Barauni–Gorakhpur, Raxaul and Jainagar lines

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Barauni–Gorakhpur, Raxaul and Jainagar lines
Overview
Status Operational
Locale Bihar, Uttar Pradesh
Termini Barauni
Gorakhpur
Operation
Owner Indian Railway
Operator(s) East Central Railway, North Eastern Railway
Technical
Track gauge 1,676 mm (5 ft 6 in) Broad gauge
1,000 mm (3 ft 3 38 in) metre gauge
Some gauge conversions in progress

The Barauni–Gorakhpur, Raxaul and Jainagar lines are a set of three lines connecting Barauni in the Indian state of Bihar with Gorakhpur in Uttar Pradesh. The lines run in an east-west direction between the Ganges and India-Nepal border, covering northern Bihar west of the Kosi river and eastern Uttar Pradesh. The southernmost of the three lines connects via Hajipur Junction, Sonpur Junction and Chhapra. The central line connects via Muzaffarpur, Motihari and Sugauli. The northern line connects via Darbhanga, Sitamarhi and Raxaul. The lines have interconnections between them and the northern line has extensions to places near the India-Nepal border.

History[edit]

Railway lines in the area were pioneered by Tirhut Railway and the Bengal and North Western Railway lines in the 19th century. In his book The Indian Empire, Its People, History and Products (first published in 1886) W.W.Hunter, says "The Tirhut State Railway with its various branches intersects Northern Behar and is intended to extend to the Nepal frontier on one side and to Assam on the other."[1]

The area was developed with metre gauge tracks. The 229 km (142 mi) Samastipur-Narkatiaganj loop was developed in stages between 1875 and 1907. The Samastipur-Darbhanga line was opened for famine relief in 1874 and opened to the public on 1 November 1875. The 72 km (45 mi) long Nirmali branch (Darbhanga-Nirmali) between 1883 and 1886. The Sakri-Jainagar branch was opened in 1905. The Jhanjharpur-Laukaha Bazar line was opened in 1976.[2]

The Barauni-Bachhwara line was opened in 1883. The Bachhwara-Bagaha line was developed in stages between 1883 and 1907. The 51 km (32 mi) long Hajipur-Muzaffarpur line was opened in 1884. The 270 km (168 mi) long Tirhut main line from Katihar to Sonpur was developed in stages between 1887 and 1901.[2]

The 105 km (65 mi) long Chhapra-Thawe line was opened in 1910. The 320 km (199 mi) long Chhapra-Allahabad line was developed between 1891 and 1913. The Maharajganj branch line was opened in 1907. The Siwan-Kaptanganj line was opened between 1907 and 1913. The 127 km (79 mi) long Bhatni-Varanasi Chord was opened between 1896 and 1899.[2]

Gauge conversion[edit]

Conversion from metre gauge to broad gauge has been a continuous process in the area.

Samastipur to Darbhanga (metre to broad gauge) was converted around 1983. Siwan to Thawe (metre to broad gauge) was converted in early 2006.[2] In 1999 the Railway Convention Committee noted that broad gauge conversion of such lines as the Allahabad-Varanasi-Chhapra-Sonepur-Bachhwara section or the Muzaffarpur-Sugauli-Raxaul section created most of the desired alternative routes to avoid congestion of the main trunk routes and generated additional capacity.[3]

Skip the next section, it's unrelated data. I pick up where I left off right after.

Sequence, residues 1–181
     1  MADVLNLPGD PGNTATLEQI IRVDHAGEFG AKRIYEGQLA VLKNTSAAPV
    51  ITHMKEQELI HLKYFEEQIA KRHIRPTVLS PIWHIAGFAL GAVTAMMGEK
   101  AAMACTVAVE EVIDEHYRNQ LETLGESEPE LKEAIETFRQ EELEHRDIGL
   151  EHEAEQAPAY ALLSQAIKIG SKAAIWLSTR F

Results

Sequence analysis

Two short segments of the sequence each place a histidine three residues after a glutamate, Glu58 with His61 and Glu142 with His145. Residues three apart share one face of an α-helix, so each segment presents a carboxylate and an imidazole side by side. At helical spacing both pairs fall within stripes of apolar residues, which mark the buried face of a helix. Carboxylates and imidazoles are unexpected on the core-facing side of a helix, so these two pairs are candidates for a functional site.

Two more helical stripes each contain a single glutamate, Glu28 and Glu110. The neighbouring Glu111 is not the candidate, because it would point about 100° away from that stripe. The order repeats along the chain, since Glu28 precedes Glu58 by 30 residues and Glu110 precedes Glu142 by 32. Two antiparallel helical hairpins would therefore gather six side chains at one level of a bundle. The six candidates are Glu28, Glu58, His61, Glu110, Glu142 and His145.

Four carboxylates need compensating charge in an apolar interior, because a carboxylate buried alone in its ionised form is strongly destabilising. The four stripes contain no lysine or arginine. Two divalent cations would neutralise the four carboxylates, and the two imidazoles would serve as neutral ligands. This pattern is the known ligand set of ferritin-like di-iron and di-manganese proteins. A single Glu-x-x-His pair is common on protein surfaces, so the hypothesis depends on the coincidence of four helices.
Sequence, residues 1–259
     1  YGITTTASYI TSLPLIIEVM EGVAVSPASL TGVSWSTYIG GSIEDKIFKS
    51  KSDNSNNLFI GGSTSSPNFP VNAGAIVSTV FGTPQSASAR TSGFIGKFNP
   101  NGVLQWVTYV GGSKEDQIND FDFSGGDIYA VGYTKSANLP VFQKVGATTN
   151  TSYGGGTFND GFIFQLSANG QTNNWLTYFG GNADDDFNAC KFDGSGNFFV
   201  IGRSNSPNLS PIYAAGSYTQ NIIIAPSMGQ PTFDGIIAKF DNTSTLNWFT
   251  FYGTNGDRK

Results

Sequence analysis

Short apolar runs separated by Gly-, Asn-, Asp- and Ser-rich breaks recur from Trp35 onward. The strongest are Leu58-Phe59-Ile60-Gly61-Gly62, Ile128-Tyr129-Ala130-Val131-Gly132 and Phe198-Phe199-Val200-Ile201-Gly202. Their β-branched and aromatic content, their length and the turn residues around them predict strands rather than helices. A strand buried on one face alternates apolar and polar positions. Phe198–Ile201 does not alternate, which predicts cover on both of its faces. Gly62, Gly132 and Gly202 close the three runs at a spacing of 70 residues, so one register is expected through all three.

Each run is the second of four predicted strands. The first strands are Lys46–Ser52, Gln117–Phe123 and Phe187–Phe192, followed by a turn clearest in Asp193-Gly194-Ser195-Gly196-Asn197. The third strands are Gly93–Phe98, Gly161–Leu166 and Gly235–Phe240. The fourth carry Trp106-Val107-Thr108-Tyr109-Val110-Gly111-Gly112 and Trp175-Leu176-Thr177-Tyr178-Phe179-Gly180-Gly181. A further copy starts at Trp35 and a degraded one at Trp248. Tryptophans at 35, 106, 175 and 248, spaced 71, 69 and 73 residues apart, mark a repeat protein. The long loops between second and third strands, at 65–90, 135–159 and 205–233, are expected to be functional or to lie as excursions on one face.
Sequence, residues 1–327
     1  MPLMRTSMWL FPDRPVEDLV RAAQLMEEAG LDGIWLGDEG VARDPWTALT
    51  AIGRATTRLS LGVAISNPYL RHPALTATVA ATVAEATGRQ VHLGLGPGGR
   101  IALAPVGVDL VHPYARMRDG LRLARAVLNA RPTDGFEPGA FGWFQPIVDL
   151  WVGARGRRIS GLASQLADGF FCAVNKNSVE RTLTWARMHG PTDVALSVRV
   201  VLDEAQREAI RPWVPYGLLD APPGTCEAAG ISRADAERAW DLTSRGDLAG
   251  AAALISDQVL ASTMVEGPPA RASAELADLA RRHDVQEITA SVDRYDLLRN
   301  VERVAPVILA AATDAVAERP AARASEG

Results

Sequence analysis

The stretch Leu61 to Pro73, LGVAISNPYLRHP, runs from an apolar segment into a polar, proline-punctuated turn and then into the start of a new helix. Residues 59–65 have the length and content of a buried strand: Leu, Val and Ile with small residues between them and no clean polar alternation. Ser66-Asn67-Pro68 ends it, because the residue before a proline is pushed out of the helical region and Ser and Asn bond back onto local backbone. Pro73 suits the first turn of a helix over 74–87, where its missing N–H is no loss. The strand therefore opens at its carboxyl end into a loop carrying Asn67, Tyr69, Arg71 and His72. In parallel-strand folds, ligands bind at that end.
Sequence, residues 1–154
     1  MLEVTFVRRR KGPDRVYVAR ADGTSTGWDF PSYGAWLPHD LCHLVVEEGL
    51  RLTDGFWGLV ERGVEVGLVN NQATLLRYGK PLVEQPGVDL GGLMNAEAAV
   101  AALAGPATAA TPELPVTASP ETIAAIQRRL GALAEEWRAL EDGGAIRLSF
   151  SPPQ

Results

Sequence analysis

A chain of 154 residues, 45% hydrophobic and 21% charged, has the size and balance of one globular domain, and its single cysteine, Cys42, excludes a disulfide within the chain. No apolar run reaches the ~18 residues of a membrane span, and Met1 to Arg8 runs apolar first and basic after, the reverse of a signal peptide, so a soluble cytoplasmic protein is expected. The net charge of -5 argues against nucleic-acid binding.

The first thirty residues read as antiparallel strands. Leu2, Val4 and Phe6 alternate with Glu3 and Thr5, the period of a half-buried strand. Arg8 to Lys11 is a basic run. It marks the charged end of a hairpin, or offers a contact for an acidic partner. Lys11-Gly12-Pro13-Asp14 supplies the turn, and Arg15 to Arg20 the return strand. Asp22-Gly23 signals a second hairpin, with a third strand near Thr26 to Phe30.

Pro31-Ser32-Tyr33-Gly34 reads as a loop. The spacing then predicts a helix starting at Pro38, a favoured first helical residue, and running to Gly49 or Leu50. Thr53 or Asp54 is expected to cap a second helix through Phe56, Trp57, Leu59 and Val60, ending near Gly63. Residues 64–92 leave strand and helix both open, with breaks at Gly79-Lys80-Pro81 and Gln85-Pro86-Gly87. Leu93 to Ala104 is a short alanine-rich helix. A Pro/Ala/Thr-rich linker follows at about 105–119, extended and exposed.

Gauge conversion of the 268 km long Jainagar-Darbhanga-Narkatiaganj line that was started in 2011 was completed to Raxaul in February 2014 but the Raxaul to Narkatiaganj section remained to be converted from metre gauge. Conversion of Sakri-Laukaha Bazar-Nirmali line from metre to broad gauge had not started by March 2014.

Sections[edit]

New lines[edit]

As of 2011-12 and 2012-13 new lines being constructed in the area include:

The 59 km long existing Chhapra-Hajipur line was being doubled.[4][5]

Bridge links[edit]

The Ganges divides the state of Bihar in two parts. The mighty river makes communication between the two parts a difficult task.

The construction of the 2 km long Rajendra Setu in 1959 provided the first opportunity to link the railway tracks on the north and south banks of the Ganges.[6]

The 4.55 km long Ganga Rail-Road Bridge, expected to be completed by 2017, will link Sonpur to Patna.[7]

References[edit]

  1. ^ W.W.Hunter. The Indian Empire, Its People, History and Products. p. 547. Retrieved 2012-11-06. 
  2. ^ a b c d "Indian Railways line history; 2. North Eastern Railway". Retrieved 2012-11-06. 
  3. ^ Railway Convention Committee (1999). "Fourth Report on Development of Alternative Routes for Decongesting Existing Routes". Lok Sabha Secretariat, December 2001. Retrieved 2012-11-06. 
  4. ^ "Assets-Acquisition, Construction and Replacement for 2011-12". East Central Railway. Retrieved 2012-11-06. 
  5. ^ "Assets-Acquisition, Construction and Replacement for 2012-13". East Central Railway. Retrieved 2012-11-06. 
  6. ^ "Rlys begins bridge renovation work". Times of India, Patna, 12 July 2010. 2012-11-06. Retrieved 2011-07-06. 
  7. ^ "New deadline for rail bridge". The Telegraph, 8 March 2012. Retrieved 2012-11-06. 

External links[edit]